Leave Me Alone, I'm Reading
Finding and Losing Myself in Books
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“It’s not that I don’t like people,” writes Maureen Corrigan in her introduction to Leave Me Alone, I’m Reading. “It’s just that there always comes a moment when I’m in the company of others—even my nearest and dearest—when I’d rather be reading a book.” In this delightful memoir, Corrigan reveals which books and authors have shaped her own life—from classic works of English literature to hard-boiled detective novels, and everything in between. And in her explorations of the heroes and heroines throughout literary history, Corrigan’s love for a good story shines.
From the Trade Paperback edition.
Publishers Weekly Review
© Publishers Weekly
Leave me alone, I
Ok. I never thought I'd devour a whole book about...other books? But Maureen Corrigan's memoir is so funny, vivid and spot-on that I raced through it, resisting the urge to bury my laughter discreetly in my palm while in public. This is a little like armchair travel...Some of us will never willingly re-read "Jane Eyre" (or climb Everest) -- but the best parts are all here, anyway, with startling comparisons (detective fiction?) and real-world anecdotes that satiate our intellectual wanderlust.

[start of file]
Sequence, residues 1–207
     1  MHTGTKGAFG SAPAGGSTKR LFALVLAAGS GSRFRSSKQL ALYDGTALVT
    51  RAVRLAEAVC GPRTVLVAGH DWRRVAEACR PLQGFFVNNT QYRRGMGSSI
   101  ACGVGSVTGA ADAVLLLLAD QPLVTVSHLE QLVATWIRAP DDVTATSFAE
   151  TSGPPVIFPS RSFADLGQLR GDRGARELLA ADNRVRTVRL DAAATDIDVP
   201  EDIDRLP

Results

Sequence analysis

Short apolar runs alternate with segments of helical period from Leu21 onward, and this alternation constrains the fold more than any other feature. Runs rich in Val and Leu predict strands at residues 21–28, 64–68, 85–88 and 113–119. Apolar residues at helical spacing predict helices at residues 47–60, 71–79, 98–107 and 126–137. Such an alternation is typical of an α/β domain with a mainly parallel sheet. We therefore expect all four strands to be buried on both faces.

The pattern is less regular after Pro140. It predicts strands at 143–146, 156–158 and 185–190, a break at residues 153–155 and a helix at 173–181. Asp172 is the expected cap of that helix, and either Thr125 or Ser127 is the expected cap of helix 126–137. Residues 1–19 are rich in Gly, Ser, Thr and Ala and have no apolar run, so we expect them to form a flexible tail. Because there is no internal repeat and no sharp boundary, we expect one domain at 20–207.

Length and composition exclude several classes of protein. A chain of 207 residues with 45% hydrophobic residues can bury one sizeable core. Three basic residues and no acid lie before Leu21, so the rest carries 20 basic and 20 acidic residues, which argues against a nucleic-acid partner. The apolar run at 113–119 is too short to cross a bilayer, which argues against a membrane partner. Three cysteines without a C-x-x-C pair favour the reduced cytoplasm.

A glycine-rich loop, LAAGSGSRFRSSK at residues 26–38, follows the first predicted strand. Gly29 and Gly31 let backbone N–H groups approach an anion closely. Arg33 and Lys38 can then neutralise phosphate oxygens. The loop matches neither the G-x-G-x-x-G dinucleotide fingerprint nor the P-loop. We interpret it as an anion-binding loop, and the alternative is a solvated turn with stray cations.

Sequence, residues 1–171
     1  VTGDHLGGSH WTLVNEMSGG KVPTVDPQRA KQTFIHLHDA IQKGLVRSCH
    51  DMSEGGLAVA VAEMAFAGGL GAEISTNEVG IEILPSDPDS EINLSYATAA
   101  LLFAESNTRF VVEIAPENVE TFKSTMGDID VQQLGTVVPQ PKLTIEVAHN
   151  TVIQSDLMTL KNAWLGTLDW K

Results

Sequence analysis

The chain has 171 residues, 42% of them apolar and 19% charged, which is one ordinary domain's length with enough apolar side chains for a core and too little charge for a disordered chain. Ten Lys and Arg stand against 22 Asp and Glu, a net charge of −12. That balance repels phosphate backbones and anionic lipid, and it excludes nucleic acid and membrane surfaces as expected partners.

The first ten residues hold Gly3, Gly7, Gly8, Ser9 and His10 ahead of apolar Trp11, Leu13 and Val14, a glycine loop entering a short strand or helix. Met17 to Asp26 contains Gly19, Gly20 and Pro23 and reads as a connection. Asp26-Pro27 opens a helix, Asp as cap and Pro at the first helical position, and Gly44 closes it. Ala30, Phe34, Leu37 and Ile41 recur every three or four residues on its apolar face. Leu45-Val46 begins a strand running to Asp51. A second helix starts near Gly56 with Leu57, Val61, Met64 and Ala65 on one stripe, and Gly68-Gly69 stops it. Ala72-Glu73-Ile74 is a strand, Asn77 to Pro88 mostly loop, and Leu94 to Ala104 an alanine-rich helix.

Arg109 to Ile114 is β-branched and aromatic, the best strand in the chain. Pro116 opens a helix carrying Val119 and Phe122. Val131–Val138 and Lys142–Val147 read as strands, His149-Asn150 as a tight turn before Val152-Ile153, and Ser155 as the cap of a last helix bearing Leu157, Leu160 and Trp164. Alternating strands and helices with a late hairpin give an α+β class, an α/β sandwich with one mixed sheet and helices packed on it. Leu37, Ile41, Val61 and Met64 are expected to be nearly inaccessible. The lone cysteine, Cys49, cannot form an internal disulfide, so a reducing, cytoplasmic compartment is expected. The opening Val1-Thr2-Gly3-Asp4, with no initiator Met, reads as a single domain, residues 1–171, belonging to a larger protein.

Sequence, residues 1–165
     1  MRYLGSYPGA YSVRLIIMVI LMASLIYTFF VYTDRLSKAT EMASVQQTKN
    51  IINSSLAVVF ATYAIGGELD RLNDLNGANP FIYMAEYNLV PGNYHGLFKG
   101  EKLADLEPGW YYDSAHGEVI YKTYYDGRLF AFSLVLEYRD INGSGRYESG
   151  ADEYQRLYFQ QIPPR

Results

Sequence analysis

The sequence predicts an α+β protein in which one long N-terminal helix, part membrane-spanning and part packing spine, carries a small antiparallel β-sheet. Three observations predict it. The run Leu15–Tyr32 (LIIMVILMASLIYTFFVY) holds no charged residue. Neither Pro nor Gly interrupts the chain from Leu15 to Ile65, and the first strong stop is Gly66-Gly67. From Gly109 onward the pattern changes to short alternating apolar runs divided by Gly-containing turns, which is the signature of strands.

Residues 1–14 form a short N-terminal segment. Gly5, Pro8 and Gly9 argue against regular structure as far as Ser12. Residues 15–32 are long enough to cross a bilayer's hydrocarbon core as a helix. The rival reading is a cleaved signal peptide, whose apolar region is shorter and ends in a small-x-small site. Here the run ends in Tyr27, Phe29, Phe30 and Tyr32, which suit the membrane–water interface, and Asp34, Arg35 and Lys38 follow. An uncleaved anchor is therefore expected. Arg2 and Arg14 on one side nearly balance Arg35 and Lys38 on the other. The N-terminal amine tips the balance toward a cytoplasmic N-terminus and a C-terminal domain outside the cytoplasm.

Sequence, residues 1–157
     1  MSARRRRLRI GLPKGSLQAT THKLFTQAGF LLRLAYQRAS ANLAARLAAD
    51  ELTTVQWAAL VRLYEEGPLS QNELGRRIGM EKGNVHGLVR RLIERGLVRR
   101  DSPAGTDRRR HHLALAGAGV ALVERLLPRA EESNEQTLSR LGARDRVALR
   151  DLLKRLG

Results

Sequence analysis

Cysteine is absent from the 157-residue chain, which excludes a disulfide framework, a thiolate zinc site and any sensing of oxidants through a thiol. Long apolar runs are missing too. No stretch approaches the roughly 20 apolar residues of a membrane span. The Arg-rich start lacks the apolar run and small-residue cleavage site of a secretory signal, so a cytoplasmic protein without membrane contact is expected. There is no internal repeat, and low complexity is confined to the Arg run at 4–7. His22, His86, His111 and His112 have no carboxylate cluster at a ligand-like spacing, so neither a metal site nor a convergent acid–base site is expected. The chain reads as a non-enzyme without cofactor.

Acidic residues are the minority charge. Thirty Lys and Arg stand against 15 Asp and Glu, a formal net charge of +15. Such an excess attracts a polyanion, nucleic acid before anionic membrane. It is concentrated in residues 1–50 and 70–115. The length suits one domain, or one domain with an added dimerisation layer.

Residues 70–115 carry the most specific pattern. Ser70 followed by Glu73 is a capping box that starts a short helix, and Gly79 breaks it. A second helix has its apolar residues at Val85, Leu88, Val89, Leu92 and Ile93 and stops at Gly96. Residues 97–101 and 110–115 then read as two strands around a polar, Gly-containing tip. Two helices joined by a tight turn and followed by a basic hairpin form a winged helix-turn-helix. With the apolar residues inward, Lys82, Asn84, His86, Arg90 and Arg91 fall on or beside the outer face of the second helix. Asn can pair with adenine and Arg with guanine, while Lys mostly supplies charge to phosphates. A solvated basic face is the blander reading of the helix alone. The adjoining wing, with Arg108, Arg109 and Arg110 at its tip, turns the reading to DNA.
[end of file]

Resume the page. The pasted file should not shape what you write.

Some of my favorite parts of this book have to do with what Corrigan delicately calls "academic farce," as this Queens native ventures off to be immersed in the Sherry-swilling, theory-spinning Ivy League. Perhaps there comes a point in most of our lives when the happiest among us realize that we are, well, who we are. Being comfortable in your skin allows you to laugh at situations -- and yourself. Corrigan shows us how. And so much more.
If you enjoy a smidge of that old Irish Catholic New York, underpinning a story of self-discovery, true curiosity and personal evolution, this is a great book for you. I loved it.